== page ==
When most people think of nannies, they think of childcare providers who care for infants and toddlers. However, a large number of nannies work with school age children. These positions come with their own unique set of challenges, including developing a good relationship with a tween or teen who feels he doesn’t ‘need” a nanny. Here are some tips to jump start a successful relationship.
Respect the child’s independence. Many tweens and teens flat out reject the idea of having a nanny because they feel they’re too old to need childcare. They’re afraid the nanny will treat them like children rather than the budding young adults they are. While it’s important to provide appropriate supervision and enforce the rules laid out by the parents, give school age children ample opportunities to practice and expand their independence. If your tween says she doesn’t need a ride home from school, let her walk home with friends. If your teen says he doesn’t need reminders to study for his tests, have faith that he’ll remember to study on his own. Work with the child to outline reasonable expectations and the consequences that will follow if those expectations aren’t met. Then give them the freedom to figure the rest out themselves.
Use the label household manager rather than nanny. Let’s be honest, it can be embarrassing for a tween or teen to have a nanny. At a time when he’s struggling to be seen by friends as more grown up, having a nanny sends the message that he’s anything but grown up. Calling yourself a household manager rather than a nanny will offer your charge an easy and face saving way to introduce you and explain your role in his life. Not being called the nanny won’t change the nature of your relationship with the child. You can still be an amazing caregiver regardless of what your title is.
Don’t try and force a relationship. Some school age children will immediately bond with their nanny. Others will take a while to warm up. If your charge doesn’t immediately become your best friend, don’t take it personally. The time it takes to form a real connection with her reflects her temperament, her personality, her history with caregivers, and where she is developmentally. Let the relationship unfold naturally rather than pull out all the stops to win her over.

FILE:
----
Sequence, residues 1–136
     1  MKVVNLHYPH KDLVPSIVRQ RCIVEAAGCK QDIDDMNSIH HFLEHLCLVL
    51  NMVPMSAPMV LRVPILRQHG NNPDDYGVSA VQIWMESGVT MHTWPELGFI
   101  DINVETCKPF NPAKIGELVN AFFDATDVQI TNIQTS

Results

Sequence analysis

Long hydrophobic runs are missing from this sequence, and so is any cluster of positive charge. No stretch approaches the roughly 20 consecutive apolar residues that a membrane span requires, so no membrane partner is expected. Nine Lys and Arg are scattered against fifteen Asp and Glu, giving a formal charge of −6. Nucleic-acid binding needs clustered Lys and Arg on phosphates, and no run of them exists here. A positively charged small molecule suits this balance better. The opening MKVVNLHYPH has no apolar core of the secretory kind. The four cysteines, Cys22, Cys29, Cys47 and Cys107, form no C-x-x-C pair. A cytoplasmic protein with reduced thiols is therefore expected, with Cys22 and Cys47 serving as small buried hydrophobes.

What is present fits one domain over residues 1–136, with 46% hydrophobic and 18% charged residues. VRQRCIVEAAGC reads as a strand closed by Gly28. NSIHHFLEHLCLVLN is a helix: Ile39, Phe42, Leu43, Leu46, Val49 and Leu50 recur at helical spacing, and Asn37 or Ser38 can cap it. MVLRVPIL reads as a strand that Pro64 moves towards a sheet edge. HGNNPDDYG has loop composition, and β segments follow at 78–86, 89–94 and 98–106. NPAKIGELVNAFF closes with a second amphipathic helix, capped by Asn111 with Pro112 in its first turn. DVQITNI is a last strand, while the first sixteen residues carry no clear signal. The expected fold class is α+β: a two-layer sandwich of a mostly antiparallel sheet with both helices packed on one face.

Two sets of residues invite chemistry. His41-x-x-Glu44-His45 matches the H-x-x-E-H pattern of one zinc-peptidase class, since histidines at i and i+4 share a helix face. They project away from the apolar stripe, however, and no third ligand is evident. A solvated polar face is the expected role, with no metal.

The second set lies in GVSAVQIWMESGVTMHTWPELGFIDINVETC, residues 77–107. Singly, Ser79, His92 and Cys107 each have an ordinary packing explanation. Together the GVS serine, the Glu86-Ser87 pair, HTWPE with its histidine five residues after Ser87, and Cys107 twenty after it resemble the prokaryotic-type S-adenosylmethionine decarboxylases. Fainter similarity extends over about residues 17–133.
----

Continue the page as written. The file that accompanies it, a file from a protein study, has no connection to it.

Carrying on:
Connect with them around things they love. One of the quickest ways to win any child over is to join in on a favorite activity. If your tween spends her afternoons buried in the latest tween book series phenomenon, get your own copy and read along with her. If your teen is obsessed with the latest video game, ask him to teach you how to play and challenge him to a battle. You may never win, but he’ll appreciate your effort.
Be a support person. This is a tough age. There are more challenges for tweens and teens today than at any other time in history. Your charge is trying to juggle a lot of different expectations at a young age. There’s pressure to succeed academically, to excel at sports, to be popular, to look a certain way, to be a responsible, well-behaved kid, and on and on. One of the most important gifts you can provide is to be a support person to him as he navigates all of these roles. You have a unique role in his life and that can lead to a close and long-lasting relationship.
Point out the advantages of having a nanny. Tweens and teens often reject the idea of having a nanny without really thinking about all a nanny can do for them. Gently remind your charge that you’re the person that gives her a ride home from school when it rains. That you’re the person who drives 20 minutes out of your way to stock up on her all-time favorite granola bars. That you’re the reason she’s not stuck in the school’s afterschool program. That you’re her ride to the mall, the movies, and her best friend’s house. When kids see how different their lives would be without a nanny, they often become more appreciative of the caregiver and the relationship.
Show off your sense of humor. Kids are surrounded by serious and stressed out adults, so they quickly gravitate to adults who are fun. Be the adult who can find the silliness in any situation, who laughs at the dumbest jokes, who thinks practical jokes are a great addition to any day. Humor is a surefire way to connect with a child, no matter his age.
There are lots of nannies caring for tweens and teens these days. Although those relationships are different than the ones a nanny has with younger children, they can be just as close and fulfilling.